“Pada 25 Februari 2013 jam 22.31 Datuk Amir Bahar menyatakan dia mendapat tahu daripada Hassan yang merupakan anggota Polis yang mana pihak berkuasa Malaysia akan masuk jam 12.00 tengah malam nanti. Raja maklum dan memberitahu mereka telah bersedia. Datu Amir Bahar memberitahu Hassan dan Hussin merupakan adik beradik dan mereka juga merupakan ahli ‘keluarga kita’. Raja maklum dan beritahu mereka telah bersedia.”

[19] This intercepted communication provides irrefutable yet chilling proof that the appellant was complicit in the armed intrusion at Lahad Datu, a traitor in every sense of the word. Instead of protecting his colleagues from harm, he put them directly in harm’s way. Nothing can be more despicable. He was, in our view, truly a “musuh dalam selimut and had committed high treason. It connects the dots as to why he did not inform his superior officers of the information that he obtained from PW1. He was extremely lucky that the Public Prosecutor decided to only charge him with a relatively minor offence.

[20] Not only did the appellant have “reason to believe” that a terrorist act would be committed, but he had actual knowledge that the terrorist act would be carried out. This surpassed the quantum of proof required to establish the element of “reason to believe” as defined in section 26 of the Penal Code, as follows:

“A person is said to have “reason to believe” a thing, if he has sufficient cause to believe that thing, but not otherwise.”

[21] Information that is obtained through intercepted communication under section 6 of SOSMA is admissible by virtue of section 24 of the same Act, which reads:

“Where a person is charged for a security offence, any information obtained through an intercepted communication under section 6 shall be admissible as evidence at his trial and no person or police officer shall be under any duty, obligation or liability or be in any manner compelled to disclose in any proceeding the procedure, method, manner or any means or devices, or any manner whatsoever with regard to anything done under section 6.”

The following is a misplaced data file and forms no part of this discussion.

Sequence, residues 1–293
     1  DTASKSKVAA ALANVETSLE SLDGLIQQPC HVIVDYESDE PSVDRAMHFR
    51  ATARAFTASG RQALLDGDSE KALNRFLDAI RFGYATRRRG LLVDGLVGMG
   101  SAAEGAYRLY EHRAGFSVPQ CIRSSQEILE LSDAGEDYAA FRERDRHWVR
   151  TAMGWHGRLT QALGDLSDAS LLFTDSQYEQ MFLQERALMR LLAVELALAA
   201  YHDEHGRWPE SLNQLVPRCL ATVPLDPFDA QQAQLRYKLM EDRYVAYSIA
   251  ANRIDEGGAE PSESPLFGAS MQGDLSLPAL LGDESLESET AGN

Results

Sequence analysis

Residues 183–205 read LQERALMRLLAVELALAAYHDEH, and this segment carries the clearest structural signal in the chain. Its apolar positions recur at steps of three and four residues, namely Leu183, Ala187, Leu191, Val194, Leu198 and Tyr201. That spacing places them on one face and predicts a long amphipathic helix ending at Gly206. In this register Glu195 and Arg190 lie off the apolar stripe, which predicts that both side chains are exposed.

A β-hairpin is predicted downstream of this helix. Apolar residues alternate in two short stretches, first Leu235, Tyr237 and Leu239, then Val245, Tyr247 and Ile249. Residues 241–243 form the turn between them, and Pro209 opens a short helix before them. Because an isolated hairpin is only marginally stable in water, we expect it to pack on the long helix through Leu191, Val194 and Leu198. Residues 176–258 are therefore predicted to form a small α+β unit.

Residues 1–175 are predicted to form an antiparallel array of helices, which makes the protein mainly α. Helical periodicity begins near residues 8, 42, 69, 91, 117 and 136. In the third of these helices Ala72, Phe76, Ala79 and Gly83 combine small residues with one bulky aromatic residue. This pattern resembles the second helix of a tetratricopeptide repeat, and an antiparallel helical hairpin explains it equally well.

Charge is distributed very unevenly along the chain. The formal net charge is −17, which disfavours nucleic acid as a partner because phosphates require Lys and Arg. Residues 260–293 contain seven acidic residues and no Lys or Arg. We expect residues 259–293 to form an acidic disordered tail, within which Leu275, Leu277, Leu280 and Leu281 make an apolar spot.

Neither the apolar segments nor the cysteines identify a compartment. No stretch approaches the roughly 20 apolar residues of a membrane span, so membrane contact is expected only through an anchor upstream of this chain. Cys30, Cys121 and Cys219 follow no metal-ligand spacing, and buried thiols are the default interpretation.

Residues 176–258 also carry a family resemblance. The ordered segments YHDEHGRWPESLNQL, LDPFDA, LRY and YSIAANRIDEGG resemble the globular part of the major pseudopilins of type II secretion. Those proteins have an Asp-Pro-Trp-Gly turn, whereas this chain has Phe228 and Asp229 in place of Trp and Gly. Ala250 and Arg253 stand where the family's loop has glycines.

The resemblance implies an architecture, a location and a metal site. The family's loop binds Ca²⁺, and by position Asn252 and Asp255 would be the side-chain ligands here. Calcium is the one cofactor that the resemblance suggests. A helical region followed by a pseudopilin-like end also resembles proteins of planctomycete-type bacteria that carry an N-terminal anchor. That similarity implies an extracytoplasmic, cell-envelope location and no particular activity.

[22] There is no dispute that the offence that the appellant was charged with was a security offence. The appellant however contended that the intercepted communications were inadmissible as the interception was not done by the authorized officer himself, namely Superintendent Annuar (PW16) but by PW2. This according to learned counsel offended the rule against sub-delegation by a delegate, delegatus non potest delegare.

[23] It was further argued that since the intruders communicated in the Suluk language, the police officer authorised under section 6 of SOSMA to intercept the communications must be competent in that language, which PW16 was not. The complaint was directed at the following observations by the learned judge, which learned counsel said was a misdirection:

“In the instant case, as I pointed out earlier, it is plainly impossible for an authorized officer such as Supt. Annuar to intercept and translate a conversation which is conducted in a language that he does not understand. Therefore it is difficult for one to imagine what unfairness or prejudice could have been occasioned to the accused when PW2 who worked under the supervision of the Supt. Annuar typed P5, P6 and P7 after listening to the intercepted conversation. In the premises there can be no valid suggestion that P5, P6 and P7 related to the knowledge of the accused in respect of the movement of foreign intruders. Therefore, they have high probative value and are relevant. For this reason they are admissible.”

[24] We found no merit in the argument. There was no delegation of power when PW16 instructed PW2 to carry out the interceptions. The decision whether to intercept any communication rested at all times with PW16 and not with PW2. What PW2 did was to carry out PW16’s instruction, and the interceptions were carried out under his supervision. PW2’s role was merely to process the intercepted communications and to translate them when necessary.

[25] In any event, illegally obtained evidence is admissible evidence if it is relevant to the matters in issue: See the case of Ramli Kechik v Public Prosecutor [1986] CLJ (Rep) 243; [1986] 1 CLJ 308; [1986] 2 MLJ 33 where the Supreme Court cited with approval the following pronouncements by Lord Goddard in the Privy Council case of Kuruma v The Queen [1955] AC 197:

“In their Lordships’ opinion the test to be applied in considering whether evidence is admissible is whether it is relevant to the matters in issue. If it is, it is admissible and the Court is not concerned with how the evidence was obtained. While this proposition may not have been stated in so many words in any English case there are decisions which support it, and in their Lordships’ opinion it is plainly right in principle.”